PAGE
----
Bayer CropScience said originally it had thought the product would be used (voluntarily) on approximately a quarter of the corn areas in Canada for 2014. But then PMRA decided to make it mandatory in October 2013. “It was a bit of a scramble to get it to the market,” he said.

Fluency Agent is required when a grower uses a seed flow lubricant with neonicotinoid treated corn and soybean seed. “If you have not used talc or graphite to lubricate your seed through the planter, then you don’t need to use it now,” Turcot clarifies.

Q & A with Bayer CropScience

Q. What is the best way to “fluff up” the product? One farmer explained that the product “seemed really settled in the pail,” and expressed that it’s hard to measure out evenly.

A. Fluency Agent is different than talc or graphite. “Talc is a very fluffy product” explained Turcot, adding that one of the problems with talc is that it easily disperses into the air. Bayer CropScience says that if growers use the label rate and the provided 1/8 cup measuring scoop that it should be okay. Following the label rate is important because if a grower over applies the product, it won’t work as effectively. Bayer says that the product is wax-based and if too much is added clumping may occur. “With talc and graphite generally growers might not have been as careful with rates,” he said.  “You can’t do that with Fluency Agent.”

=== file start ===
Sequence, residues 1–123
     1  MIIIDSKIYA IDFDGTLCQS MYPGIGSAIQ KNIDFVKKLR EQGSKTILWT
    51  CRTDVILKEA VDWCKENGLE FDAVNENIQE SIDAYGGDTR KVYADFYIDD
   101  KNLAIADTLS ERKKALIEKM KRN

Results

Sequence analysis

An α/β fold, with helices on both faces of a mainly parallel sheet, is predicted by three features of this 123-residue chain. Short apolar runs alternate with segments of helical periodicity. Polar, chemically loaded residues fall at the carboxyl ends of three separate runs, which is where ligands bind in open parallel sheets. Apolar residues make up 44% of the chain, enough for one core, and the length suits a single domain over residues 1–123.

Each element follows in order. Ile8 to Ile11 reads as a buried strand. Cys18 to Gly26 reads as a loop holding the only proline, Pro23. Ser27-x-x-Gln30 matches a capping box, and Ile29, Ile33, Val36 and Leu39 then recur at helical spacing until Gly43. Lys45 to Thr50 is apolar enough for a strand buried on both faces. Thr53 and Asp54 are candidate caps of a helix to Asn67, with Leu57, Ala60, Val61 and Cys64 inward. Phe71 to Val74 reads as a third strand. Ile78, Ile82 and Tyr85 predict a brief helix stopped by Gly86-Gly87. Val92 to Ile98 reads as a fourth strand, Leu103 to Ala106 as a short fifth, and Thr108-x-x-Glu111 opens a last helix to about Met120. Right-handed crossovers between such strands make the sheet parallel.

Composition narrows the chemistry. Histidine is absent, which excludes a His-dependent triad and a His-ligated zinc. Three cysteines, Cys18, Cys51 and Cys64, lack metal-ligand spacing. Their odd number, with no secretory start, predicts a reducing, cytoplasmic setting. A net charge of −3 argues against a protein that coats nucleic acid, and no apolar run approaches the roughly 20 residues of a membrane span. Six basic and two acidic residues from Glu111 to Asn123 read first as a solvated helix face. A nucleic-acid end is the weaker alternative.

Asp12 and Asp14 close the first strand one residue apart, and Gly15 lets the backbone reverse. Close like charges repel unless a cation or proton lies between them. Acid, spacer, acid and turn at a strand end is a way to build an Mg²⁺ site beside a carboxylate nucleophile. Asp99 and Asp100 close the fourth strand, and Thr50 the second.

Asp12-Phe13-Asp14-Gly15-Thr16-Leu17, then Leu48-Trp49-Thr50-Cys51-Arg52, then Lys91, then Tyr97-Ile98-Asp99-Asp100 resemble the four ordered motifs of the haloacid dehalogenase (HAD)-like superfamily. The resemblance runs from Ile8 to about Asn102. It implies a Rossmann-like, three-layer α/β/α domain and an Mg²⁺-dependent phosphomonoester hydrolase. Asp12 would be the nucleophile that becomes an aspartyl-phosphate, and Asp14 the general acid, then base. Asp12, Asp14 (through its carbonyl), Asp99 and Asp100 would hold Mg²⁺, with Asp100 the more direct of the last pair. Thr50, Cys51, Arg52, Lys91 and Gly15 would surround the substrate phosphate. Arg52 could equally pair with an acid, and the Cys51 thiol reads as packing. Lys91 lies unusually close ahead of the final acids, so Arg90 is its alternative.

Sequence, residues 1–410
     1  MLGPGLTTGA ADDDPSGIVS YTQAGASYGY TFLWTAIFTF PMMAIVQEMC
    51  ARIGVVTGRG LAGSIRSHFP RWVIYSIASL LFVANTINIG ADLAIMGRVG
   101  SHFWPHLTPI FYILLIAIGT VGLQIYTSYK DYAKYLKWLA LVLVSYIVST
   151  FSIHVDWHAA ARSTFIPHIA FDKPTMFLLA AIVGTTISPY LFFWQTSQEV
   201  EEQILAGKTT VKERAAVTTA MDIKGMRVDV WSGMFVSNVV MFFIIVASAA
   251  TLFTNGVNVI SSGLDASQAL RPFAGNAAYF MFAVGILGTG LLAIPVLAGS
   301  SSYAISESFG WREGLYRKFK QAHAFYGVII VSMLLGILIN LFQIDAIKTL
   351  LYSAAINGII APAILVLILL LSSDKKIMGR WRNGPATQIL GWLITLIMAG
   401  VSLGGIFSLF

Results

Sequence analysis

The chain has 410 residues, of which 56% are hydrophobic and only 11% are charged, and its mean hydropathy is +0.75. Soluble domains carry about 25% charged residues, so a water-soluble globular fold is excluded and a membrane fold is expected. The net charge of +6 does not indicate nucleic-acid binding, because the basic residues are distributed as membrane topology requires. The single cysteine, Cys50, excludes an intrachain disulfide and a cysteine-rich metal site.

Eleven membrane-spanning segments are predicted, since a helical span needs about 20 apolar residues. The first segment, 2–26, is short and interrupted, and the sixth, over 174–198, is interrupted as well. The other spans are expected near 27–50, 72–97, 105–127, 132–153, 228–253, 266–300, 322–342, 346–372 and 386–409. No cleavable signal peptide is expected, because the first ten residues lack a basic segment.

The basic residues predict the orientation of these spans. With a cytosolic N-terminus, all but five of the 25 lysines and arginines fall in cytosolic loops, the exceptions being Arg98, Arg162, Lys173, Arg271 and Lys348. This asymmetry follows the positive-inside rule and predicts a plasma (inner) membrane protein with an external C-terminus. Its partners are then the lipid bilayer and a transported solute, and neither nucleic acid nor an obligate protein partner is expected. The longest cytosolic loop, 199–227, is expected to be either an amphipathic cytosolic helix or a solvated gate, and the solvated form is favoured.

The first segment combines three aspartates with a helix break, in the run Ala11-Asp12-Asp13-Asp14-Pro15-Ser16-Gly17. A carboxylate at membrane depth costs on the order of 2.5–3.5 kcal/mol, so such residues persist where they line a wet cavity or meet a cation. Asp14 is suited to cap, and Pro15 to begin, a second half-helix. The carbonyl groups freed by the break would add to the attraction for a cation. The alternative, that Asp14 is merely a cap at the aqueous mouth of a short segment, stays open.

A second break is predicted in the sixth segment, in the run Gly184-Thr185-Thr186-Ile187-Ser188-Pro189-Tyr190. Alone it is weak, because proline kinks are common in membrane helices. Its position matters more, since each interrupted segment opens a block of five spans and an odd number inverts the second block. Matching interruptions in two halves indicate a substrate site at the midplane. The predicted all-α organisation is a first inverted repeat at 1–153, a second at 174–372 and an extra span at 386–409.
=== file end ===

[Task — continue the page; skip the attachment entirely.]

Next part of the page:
Rates of Application

Crop

Application Rate

Seed Unit Size

Corn

1/8 cup

80,000 seeds

Soybeans

1/8 cup

140,000 seeds


Q. Why aren’t the pails filled up to the top? One farmer says that his pails appear to only be half full.

A. The pails are only partially full because Bayer had to rush the product to market. “We had to use a standard pail size that we could order with a short timeline and would work in a manufacturing line,” said Turcot. Bayer CropScience says that it realizes that the pails are only half full and explained that it was the only way that they could get the product to market in time to meet PMRA’s needs. The company is looking at different options for next year. “It’s not optimum,” he said.

Q. What temperature should Fluency Agent be stored at? And at what temperature does it become “too sticky”? Another farmer expressed concern about yellow seed tanks getting extremely hot inside.